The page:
MSc-IT Study Material
January 2011 Edition

Computer Science Department, University of Cape Town
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Context diagrams

What is a context diagram?

The context diagram is used to establish the context and boundaries of the system to be modelled: which things are inside and outside of the system being modelled, and what is the relationship of the system with these external entities.

A context diagram, sometimes called a level 0 data-flow diagram, is drawn in order to define and clarify the boundaries of the software system. It identifies the flows of information between the system and external entities. The entire software system is shown as a single process.

A possible context diagram for the Video-Rental LTD case study is shown below.

Figure 6.8. A context diagram for Video-Rental LTD

A context diagram for Video-Rental LTD

The process of establishing the analysis framework by drawing and reviewing the context diagram inevitably involves some initial discussions with users regarding problems with the existing system and the specific requirements for the new system. These are formally documented along with any specific system requirements identified in previous studies.

Having agreed on the framework, the detailed investigation of the current system must be planned. This involves identifying how each of the areas included within the scope will be investigated. This could be by interviewing users, providing questionnaires to users or clients, studying existing system documentation and procedures, observation and so on. Key users are identified and their specific roles in the investigation are agreed upon.

Constructing a context diagram

In order to produce the context diagram and agree on system scope, the following must be identified:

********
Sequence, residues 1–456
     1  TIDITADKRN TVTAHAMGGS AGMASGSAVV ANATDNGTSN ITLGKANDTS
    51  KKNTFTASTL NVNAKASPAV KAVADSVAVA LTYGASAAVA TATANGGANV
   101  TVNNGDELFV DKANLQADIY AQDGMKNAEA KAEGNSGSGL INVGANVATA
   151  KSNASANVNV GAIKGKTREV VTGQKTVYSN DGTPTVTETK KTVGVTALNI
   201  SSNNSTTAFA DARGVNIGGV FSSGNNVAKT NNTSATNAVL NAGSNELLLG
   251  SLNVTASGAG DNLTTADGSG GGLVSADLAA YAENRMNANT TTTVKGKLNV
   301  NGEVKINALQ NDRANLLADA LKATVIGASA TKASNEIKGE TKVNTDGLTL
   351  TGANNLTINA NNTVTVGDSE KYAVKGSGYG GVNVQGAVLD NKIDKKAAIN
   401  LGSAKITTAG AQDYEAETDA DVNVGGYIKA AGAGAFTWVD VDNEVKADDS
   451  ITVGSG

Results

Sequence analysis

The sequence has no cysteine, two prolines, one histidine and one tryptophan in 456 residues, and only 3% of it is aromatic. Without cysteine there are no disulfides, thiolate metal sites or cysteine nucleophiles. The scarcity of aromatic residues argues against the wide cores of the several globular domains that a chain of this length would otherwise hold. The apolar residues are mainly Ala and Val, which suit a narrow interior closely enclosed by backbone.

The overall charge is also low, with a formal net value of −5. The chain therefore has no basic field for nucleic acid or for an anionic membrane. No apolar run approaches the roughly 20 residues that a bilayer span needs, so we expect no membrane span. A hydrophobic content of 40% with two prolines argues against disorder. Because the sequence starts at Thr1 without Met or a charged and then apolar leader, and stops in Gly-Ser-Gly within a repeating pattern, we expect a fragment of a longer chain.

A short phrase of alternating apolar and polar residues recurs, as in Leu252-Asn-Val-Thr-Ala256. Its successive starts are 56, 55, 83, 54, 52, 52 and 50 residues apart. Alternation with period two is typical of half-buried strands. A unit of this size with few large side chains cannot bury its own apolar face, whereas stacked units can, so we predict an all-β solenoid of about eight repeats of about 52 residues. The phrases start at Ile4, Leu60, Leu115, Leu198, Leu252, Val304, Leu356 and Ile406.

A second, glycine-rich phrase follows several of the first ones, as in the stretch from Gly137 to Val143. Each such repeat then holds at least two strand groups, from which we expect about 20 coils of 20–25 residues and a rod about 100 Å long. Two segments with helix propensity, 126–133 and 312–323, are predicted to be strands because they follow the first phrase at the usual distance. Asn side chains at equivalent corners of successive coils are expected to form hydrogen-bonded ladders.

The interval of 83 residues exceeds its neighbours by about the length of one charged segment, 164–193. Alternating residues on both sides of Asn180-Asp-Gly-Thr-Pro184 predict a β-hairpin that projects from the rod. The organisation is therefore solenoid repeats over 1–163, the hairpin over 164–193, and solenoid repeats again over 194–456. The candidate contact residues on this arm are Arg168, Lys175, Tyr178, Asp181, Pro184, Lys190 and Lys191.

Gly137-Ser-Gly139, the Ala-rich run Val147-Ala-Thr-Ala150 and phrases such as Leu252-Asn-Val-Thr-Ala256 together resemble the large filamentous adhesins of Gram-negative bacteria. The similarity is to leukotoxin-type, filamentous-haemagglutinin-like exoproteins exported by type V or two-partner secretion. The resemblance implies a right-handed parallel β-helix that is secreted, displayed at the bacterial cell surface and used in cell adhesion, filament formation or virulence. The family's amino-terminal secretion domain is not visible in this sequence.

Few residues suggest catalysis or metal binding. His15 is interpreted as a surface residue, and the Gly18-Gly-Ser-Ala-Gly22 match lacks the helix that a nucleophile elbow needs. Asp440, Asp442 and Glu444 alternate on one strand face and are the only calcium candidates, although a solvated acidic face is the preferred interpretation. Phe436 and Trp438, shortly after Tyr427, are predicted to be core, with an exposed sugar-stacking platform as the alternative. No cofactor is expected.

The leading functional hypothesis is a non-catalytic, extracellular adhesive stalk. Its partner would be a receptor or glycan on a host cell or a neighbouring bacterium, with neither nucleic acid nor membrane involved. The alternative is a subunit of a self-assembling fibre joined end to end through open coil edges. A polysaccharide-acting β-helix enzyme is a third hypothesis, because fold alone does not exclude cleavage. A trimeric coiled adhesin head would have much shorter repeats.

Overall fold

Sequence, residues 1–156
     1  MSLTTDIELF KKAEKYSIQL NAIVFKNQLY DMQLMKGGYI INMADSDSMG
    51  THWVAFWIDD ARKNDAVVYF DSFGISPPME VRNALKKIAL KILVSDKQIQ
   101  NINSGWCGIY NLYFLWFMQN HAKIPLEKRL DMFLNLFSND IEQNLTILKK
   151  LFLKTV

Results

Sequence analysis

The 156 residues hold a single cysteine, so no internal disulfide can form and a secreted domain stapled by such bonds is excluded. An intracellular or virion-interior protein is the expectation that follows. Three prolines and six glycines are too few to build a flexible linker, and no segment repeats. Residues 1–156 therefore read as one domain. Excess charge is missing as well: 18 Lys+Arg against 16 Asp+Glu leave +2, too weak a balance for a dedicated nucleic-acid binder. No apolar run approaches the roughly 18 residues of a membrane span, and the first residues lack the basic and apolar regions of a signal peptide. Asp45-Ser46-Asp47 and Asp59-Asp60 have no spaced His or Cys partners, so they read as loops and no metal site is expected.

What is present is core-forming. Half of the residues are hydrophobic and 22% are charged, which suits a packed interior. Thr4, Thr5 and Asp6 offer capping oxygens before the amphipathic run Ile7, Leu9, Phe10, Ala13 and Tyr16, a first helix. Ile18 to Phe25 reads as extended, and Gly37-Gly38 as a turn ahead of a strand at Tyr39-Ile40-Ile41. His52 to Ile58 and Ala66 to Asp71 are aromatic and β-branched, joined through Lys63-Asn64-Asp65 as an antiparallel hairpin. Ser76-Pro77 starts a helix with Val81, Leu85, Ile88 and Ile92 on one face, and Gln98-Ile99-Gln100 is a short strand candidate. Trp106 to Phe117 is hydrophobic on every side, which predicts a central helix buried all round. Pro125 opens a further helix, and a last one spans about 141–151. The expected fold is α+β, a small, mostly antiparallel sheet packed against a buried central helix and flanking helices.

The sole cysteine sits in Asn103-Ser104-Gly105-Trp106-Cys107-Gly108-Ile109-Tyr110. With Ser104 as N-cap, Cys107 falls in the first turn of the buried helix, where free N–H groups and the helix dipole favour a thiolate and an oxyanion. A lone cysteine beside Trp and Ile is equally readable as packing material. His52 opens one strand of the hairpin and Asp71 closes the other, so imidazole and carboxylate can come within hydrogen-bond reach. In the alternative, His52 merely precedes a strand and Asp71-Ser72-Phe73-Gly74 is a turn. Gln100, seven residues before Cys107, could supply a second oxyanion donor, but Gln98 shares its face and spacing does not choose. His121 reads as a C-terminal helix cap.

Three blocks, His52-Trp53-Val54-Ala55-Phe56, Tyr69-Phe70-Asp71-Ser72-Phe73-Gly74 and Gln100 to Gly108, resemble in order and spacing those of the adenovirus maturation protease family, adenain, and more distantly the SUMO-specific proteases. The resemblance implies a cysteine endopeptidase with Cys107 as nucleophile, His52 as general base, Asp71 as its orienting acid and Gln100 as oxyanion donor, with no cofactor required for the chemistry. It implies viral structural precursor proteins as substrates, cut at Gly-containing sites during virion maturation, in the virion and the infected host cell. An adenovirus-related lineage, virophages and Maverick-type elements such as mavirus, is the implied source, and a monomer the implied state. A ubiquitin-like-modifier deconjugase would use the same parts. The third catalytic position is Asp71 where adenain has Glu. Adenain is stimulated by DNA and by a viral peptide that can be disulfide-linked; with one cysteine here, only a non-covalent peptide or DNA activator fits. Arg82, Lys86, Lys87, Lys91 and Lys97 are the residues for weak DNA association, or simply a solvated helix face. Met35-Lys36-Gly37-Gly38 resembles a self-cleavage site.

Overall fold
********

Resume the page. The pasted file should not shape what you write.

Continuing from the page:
• external entities

  • data-flows

You may find the following steps useful:

  1. Identify data-flows by listing the major documents and information flows associated with the system, including forms, documents, reference material, and other structured and unstructured information (emails, telephone conversations, information from external systems, etc.).

  2. Identify external entities by identifying sources and recipients of the data-flows, which lie outside of the system under investigation. The actors an any use case models you have created may often be external entities.

  3. Draw and label a process box representing the entire system.

  4. Draw and label the external entities around the outside of the process box.

  5. Add the data-flows between the external entities and the system box. Where documents and other packets of information flow entirely within the system, these should be ignored from the point of view of the context diagram – at this stage they are hidden within the process box.

This system boundary and details depicted in the context diagram should then be discussed (and updated if necessary) in consultation with your customers until an agreement is reached.

Having defined the system boundary and scope, the areas for investigation will be determined, and appropriate techniques for investigating each area will need to be decided.